The New England state of Maine might be most well-known for its seafood. And, it’s really no wonder since the state has over 3-thousand miles of coastline! Foodies from all over visit to sample fresh Main lobster. Main is also known for its vast stretches of forest and historic lighthouses. In fact, there are 65 lighthouses in the state! Home to the northernmost part of the Appalachian Trail, Main is popular among retirees who love the outdoors. Popular pastimes are hiking, fishing, and boating, and winter sports like skiing.
Compared to the rest of the US, Maine’s cost of living is around 3.5% lower than the national average (according to Best Places). It has a population of over 1.3 million people. And, of that number, almost 22% are aged 65 years and older.
Thinking about relocating to Maine? Here are the best cities in Maine for retirement living!
Camden is a small seaside town located along a beautiful harbor on the coast of Maine. The town has much to offer in terms of scenery and is considered one of the best small towns in the state! Not only does the town offer picturesque, sweeping views of the ocean, but amazing architecture and its very own mountain range. Hiking and exploring are among the top activities here. There are a number of bed and breakfasts and inns that offer convenient access to the beach and tucked away places for romantic strolls.
Located along the coast of Maine, Castine offers large elm trees and exquisite historic homes native to the area. The setting of the town is peaceful and the harbor side location adds to the tranquility. There are a wide selection of inns and lodges that offer private paths down to the beach to soak up the sea air. Fishing, boating and other outdoor recreational opportunities are available all along the harbor. Seafood restaurants line the walkways and travelers arrive from all over the coast to dine at some of the well-known establishments. Check out Castine Kayak Adventures for some real fun!
Rockland, Maine has been voted as one of the “coolest” small towns in the state. Known for its great choice in coffee shops, amazing selection of art galleries and interesting places to stroll, Rockland offers its residents a slow-paced environment filled with much to entertain the senses. Beautiful scenery can be witnessed through the town and once you leave this quaint area, you will immediately want to return. The residents of Rockland take great pride in their town as neighborhood homes are well-manicured and kept up.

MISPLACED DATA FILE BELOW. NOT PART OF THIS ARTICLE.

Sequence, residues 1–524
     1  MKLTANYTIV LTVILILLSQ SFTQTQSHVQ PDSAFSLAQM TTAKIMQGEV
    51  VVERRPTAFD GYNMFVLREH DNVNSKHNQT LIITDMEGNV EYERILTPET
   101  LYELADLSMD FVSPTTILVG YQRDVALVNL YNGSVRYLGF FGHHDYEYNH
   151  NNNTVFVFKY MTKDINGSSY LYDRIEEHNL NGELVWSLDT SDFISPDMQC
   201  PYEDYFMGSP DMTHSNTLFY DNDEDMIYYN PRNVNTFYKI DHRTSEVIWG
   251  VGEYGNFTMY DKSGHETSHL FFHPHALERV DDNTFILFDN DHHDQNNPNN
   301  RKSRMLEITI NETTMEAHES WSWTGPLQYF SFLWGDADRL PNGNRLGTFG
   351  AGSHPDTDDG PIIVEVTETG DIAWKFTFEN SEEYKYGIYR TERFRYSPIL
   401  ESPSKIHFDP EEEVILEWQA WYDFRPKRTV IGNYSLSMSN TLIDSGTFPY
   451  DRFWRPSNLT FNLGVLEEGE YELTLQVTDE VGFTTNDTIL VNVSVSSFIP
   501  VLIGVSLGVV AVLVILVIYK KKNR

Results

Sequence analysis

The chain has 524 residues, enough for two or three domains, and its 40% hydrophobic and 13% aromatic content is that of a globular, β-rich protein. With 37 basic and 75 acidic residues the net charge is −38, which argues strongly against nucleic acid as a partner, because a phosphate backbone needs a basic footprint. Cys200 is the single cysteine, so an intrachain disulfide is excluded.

The traditional New England style town of Rangeley is one of Maine’s best because of its rustic ambience and seasoned visitors. You won’t find anything cookie cutter about Rangeley, but rather a dozen or more wooden buildings scattered among the lake followed by miles of beautiful scenery that spans for miles. The town is considered barely that, but because of the scenery and natural landscape offered around the village, it is a place worth visiting. Comfortable and inexpensive lodging is offered at the Rangeley Inn and food can be eaten at the popular Red Onion.
York is as historic as it is scenic. The Maine town offers a history museum that is popular among its residents and tourists. The museum offers one of the oldest jails in the US and brings history to life with re-enactments and animated tours. Considered to be one of the prettiest lighthouses in America is also found in York and worth the day trip to Nubble Light.
The small town of Wells is home to a beautiful and well-preserved saltwater farm that spans nearly 1,600 acres of fields and beaches. There are nature trails that wind among the reserve and the area is a prime location for scenic walks and cross country skiing during the winter months.
Robert FowlerContributing Writer
Robert Fowler is a retired blogger who lives with his wife, Mary Ann at Village at Deaton Creek, a Del Webb Community in North Georgia. Robert was previously the President of Retirement Media Inc. He has visited numerous 55+ Active Adult Communities over the years, sharing his experiences along the way with readers. View more posts